PULLMAN — In Pullman, where residents often know the names of Pullman Company workers who once lived in their homes and architecture is a shared interest, a historical home that’s hit the market is creating a bit of buzz.
Pamela Forsberg, a Realtor for J.W. Reedy Realty of suburban Lombard, is selling a row house at 11348 S. Champlain Avenue in Pullman for $75,000 on behalf of her ill father, who called the place home for more than 30 years, and his investment partner.
The home was built in 1884 by industrialist and Pullman Company founder George Pullman to house laborers. Forsberg, of Beverly, wants to sell to someone who would respect the history of the home, which still has many original features, she said.
It’s a bit of a “dollhouse,” Forsberg said.
“I want somebody who is going to still keep the art and the culture and the history of the property,” Forsberg said. “That would be my dream — someone who maintains the same vision as” the Pullman House Project.
The fixer-upper property is 1,136 square feet, with three bedrooms on the second floor, a main foyer, living room, a kitchen, basement and two bathrooms. There’s also a backyard and a one-car garage that needs repairs, Forsberg said.
Forsberg’s father, Bob Jordan, grew up in Pullman and used to be an electrician, she said. With a strong interest in architecture and history, Jordan moved back to the neighborhood in his 40s, Forsberg said.
Over the 30 years he lived in the home, Jordan slowly restored things, his daughter said. He converted and updated the home’s electrical system, switched out some of the windows, tore out and replaced the roof and put concrete flooring in the basement, which previously only had dirt, Forsberg said.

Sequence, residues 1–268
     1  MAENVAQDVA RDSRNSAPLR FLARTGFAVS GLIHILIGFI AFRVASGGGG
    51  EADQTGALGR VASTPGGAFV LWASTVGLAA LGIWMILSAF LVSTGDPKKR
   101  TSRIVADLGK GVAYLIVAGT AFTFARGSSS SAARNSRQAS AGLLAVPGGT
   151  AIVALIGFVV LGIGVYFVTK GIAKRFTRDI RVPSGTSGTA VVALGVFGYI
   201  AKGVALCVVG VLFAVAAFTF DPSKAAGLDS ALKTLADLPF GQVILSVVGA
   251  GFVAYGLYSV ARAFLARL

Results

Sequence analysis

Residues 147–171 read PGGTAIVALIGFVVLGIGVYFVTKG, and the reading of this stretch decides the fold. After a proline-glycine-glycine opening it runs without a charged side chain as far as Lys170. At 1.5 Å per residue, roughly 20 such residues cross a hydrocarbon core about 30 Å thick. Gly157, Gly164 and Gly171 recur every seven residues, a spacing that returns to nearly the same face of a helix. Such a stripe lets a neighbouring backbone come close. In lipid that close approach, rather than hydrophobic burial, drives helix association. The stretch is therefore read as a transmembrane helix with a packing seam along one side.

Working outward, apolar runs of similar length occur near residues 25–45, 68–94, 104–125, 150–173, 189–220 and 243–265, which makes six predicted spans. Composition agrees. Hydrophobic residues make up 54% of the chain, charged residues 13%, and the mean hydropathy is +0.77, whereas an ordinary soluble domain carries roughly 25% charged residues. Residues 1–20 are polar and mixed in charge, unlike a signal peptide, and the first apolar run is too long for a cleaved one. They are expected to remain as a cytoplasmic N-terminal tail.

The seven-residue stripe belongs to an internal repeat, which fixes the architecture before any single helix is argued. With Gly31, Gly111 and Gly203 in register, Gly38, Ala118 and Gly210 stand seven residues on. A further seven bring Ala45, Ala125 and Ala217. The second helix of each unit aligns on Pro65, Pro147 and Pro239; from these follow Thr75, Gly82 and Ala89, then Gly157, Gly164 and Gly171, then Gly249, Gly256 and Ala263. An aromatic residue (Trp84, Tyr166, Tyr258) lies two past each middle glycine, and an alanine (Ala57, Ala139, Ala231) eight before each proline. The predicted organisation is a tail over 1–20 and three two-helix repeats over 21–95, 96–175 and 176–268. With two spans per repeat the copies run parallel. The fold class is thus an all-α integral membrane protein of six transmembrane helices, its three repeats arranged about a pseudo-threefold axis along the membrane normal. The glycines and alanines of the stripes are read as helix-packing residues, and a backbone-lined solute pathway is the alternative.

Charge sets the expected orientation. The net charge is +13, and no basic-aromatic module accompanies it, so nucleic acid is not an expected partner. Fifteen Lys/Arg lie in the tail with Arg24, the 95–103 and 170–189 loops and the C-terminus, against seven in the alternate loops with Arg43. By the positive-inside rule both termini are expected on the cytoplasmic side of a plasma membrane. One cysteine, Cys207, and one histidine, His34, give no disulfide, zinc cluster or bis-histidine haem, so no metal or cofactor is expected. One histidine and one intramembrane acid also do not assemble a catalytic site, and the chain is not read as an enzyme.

Jordan is also a “lover of found things” who didn’t always feel the need to buy things new, Forsberg said. He collected and used his neighbors’ tossed-out items that could better reflect the time period of his home, she said.
“In the backyard, there’s a lamppost that has an electric eye that works — it goes on at dusk. … He had gotten [it] from somebody that couldn’t keep it in their yard anymore,” Forsberg said. “The tub is not original, but he found a claw-foot tub to put up in the bathroom upstairs. Over the years, he’s tried to bring back some more period-specific pieces.”
The home, which has already had visits from interested buyers since it was listed Tuesday, has its original hardwood floors, trim, window frames, curved wood staircase and built-in cabinetry in some places.
Forsberg said her father also did a lot of the electrical work in older properties throughout Pullman.
Jordan dedicated himself to restoring his house and intended to do more work on it, but he could not finish the project, Forsberg said. Repairing peeling wallpaper, plaster walls and water damage are just some of the remaining work a potential buyer would need to put into the home, Forsberg said.
“You definitely probably need a professional to really handle this plaster and this wallpaper and the floors,” Forsberg said. “The price [of the home] is reflected in the age of the home. [My father] lived here until May, and it was fully functional for him.”
Forsberg said the property, just blocks from the Pullman National Monument and State Historic Site, has a charm to it that she wouldn’t want to see lost through a more modern restoration job.
“A lot of these properties don’t have the working frames and windows, and they don’t have the original curved wood stairwells, and it’s just hard to find,” Forsberg said. “What’s really beautiful about this property is that there are still so many of the original trimwork and the original millwork that has really been lost over the years as people have rehabbed.
“This property would suit anybody perfectly, but the truth is, it would be my dream if the person that bought this would be that person that would continue rehabbing it back to its original splendor.”
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